How are interest rates calculated?
A number of factors affect how banks determine the interest rates that they charge customers. Some of these have to do with the supply of and demand for the money that the banks are loaning out. Other factors have to do with the degree of risk that the bank incurs when it makes the loans.
In a market economy, prices are generally set through the mechanism of supply and demand. This is somewhat true for the price of loanable funds. The supply of loanable funds (how much a bank will be willing and able to loan at a given interest rate) is determined largely by the costs the bank has to bear in making the loans. Banks often have to borrow money in order to lend it. When they do so, they have to factor the cost of their own loans into the interest rate that they charge. Banks also have various other costs associated with loans. They have to pay their overhead costs and they have to spend on things like employee salaries for the time put into things like reviewing loan applications. Banks will typically factor these costs into the price they charge to loan money.
Demand can also have an impact on the interest rates that banks set. If the economy is booming and people are trying to borrow a lot of money, interest rates may go up as people compete to get loans. Conversely, when the economy is doing poorly and fewer people want to borrow money, interest rates may drop.
A final factor that banks have to take into account is the risk inherent in a given loan. Borrowers sometimes default on loans, meaning that the bank loses the money that it has loaned. Banks try to make up for this risk by charging interest rates that are at least somewhat based on the level of risk for a given loan. The more likely a borrower is to default (as based on things like credit ratings), the higher the interest rate is likely to be.
All of these factors help to determine what interest rates banks will charge. For more on this topic, please follow the link below.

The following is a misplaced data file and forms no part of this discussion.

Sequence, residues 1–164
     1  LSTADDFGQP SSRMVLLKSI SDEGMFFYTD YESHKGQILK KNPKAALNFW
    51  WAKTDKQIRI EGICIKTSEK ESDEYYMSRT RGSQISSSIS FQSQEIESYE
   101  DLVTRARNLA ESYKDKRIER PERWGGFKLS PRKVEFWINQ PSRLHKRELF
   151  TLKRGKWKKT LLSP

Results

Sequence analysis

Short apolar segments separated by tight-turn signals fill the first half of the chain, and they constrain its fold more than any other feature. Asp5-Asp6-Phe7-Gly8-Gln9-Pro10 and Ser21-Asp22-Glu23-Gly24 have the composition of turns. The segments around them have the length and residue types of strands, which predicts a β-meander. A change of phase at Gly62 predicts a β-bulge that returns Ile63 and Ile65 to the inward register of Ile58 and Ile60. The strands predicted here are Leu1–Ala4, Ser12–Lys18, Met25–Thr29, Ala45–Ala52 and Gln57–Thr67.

Interest rates are calculated after a few variables :
1. Depending on the credit risk. Consumer credit or credit cards have a larger interest rate because they have a great payment risk from the loaned customer.
2. The amount of money the bank is willing to loan. Depending on market share and target, some banks are focused on home users others on business owners, corporate or investment. Corporate and investment banks will have a greater interest rates for small amounts of money but a lower one for big amounts.
3. The interest rates that the bank itself must make to cover all the requests. A bank might not have enough money to borrow from its own deposits. In this situation the institution is taking a loan from other banks. The interest rate will contain the interest rate that the bank itself will have to pay.
4.The refference interest rate from the Federal Reserve or National Bank. National Banks tend to set the trend with the interest rate that they pay the commercial banks to deposit the extra money at the State Treasury.
5 The administrative costs of the bank. Rents, wages, software and security measures have an impact on the interest rate.
6. All the arguments above do apply to deposits even if my examples were focused on a credit situation.